I would make far more money in making ‘deals’ as I would ‘cooking at home’. For example, I can make $100 per hour working on Wall Street while I save only $10 per hour cooking at home (in stead of getting professional help to cook).
Nuances to keep in mind
There are a few nuances to keep in mind though:
1.Not everything can be outsourced – for example, you cannot make someone else sleep or exercise for you. As you get older, you will realize the importance of these ‘cannot be outsourced activities more and more’
2. There are things that you enjoy doing – for example, I enjoy cooking, it relaxes me, I do not want to outsource it, it is my daily (or biweekly source of meditation). On the other hand, I outsource laundry and I would outsource it even if it costed 3 times of what it currently does.
3. It is not always possible to convert time into money – for example, right now it is 5am on a Sunday morning; even if I was not writing this blog post I would not have been making money on Wall Street.
4. Lastly and most importantly, do not forget the ‘hidden benefits’ of doing something. A dear friend of mine (CPA) recently tried to tell me how stupid am I because I do my own taxes. The friendly conversation went like this:
CPA friend: Bobby, how come you know so much about taxes?
Bobby: Well, I work on Wall Street so I am supposed to know a lot about MONEY
CPA: Yeah, but specifically about finances, about all these regulations and decutions?
Bobby: I read
CPA: How much?
Bobby: I must have spent average 1 hour a day last year
CPA: Do you see what the problem is?
Bobby: hm mm ahem…. No
CPA: You spent 365 hours in order to do your tax returns. A CPA would have done your tax returns for less than $365. So you are working for less than $1 per hour, is that about what you make on Wall Street in your day job? LoL
Bobby: No, I make slightly more (being sarcastic) in my day job.
CPA: Then why do you do this tax study?
Bobby: For multiple reasons – it is a hobby, I like learning new stuff. More importantly, it is not only the tax returns, it is the tax planning throughout the year. Whenever I make any financial decision throughout the year, I am already thinking in my mind about the tax implications.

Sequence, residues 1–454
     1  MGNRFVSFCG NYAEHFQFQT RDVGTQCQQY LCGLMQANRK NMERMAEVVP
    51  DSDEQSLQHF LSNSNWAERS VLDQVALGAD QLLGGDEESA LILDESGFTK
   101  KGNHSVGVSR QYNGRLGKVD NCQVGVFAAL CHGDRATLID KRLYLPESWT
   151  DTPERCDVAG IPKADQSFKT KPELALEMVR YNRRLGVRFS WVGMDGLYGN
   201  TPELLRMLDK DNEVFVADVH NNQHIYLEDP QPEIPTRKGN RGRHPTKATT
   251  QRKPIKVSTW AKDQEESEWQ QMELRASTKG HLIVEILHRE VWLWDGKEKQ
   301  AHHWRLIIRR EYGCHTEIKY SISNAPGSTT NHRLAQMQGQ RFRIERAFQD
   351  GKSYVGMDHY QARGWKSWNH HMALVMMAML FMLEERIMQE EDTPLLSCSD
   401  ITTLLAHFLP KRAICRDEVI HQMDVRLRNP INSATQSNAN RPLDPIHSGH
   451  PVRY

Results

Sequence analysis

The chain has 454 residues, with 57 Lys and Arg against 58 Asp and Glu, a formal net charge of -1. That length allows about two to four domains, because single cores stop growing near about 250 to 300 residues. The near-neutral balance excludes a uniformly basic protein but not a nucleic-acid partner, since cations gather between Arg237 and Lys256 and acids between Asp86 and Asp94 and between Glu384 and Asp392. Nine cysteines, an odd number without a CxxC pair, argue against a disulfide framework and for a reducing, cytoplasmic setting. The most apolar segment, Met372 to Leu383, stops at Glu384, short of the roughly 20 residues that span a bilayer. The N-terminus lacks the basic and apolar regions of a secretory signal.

An average American makes about 10 financial decisions every day, not all of them need superior tax knowledge, but even if 1% of them do, we are talking about approximately 50 decisions a year. I want to be able to make those decisions without being required to visit a CPA!
There is no right answer
There is no right or wrong answer here. This is one of the situations where you should just be aware of what you are doing, achieving an ‘optimal’ dollar generation is not really necessary.
If you enjoy working 8 hours a day and then doing your other chores yourself, then by all means you should stick to your schedule, but start to think of time as being the most scarce resource.
Earlier I was talking to a friend of mine at the topmost strategy consulting firm. She asked me – ‘Bobby, what is one most important thing to keep in mind when it comes to project management?’. She was referring to the famous Project Management Institute triangle, where the three levers available to a project manager are cost, time, and scope.
The project manager can handle increase in scope by a proportionate increase in cost and time schedule. Similarly, a budget cut (decrease in costs) can be achieved by decreasing the scope or increasing the time schedule (so that part of the costs goes in the next period).
My answer to her was – Time. Time is the most important out of the three. Time does not wait for anybody. Time is the only scarce resource out of three – for example, you can add more money to the project but the time schedule is most critical due to internal as well as external factors.
If you have more time than money, then you need to spend time to gain money. This can be a full time job, a part time job, or just some side gigs (like I mention in the post above). Convert time to money and then money can be converted to many different things (like a new business, new car, vacation, investments, retirement, financial security).
If you have more money than time, then you can spend money to get time. Spend your time wisely, know the value of your time (it is a scarce resource). I have a dollar value in my mind – that is the value of my time – and that is the reason due to which I do not dispute small dollar amounts on my credit card statements, it is not worth my time.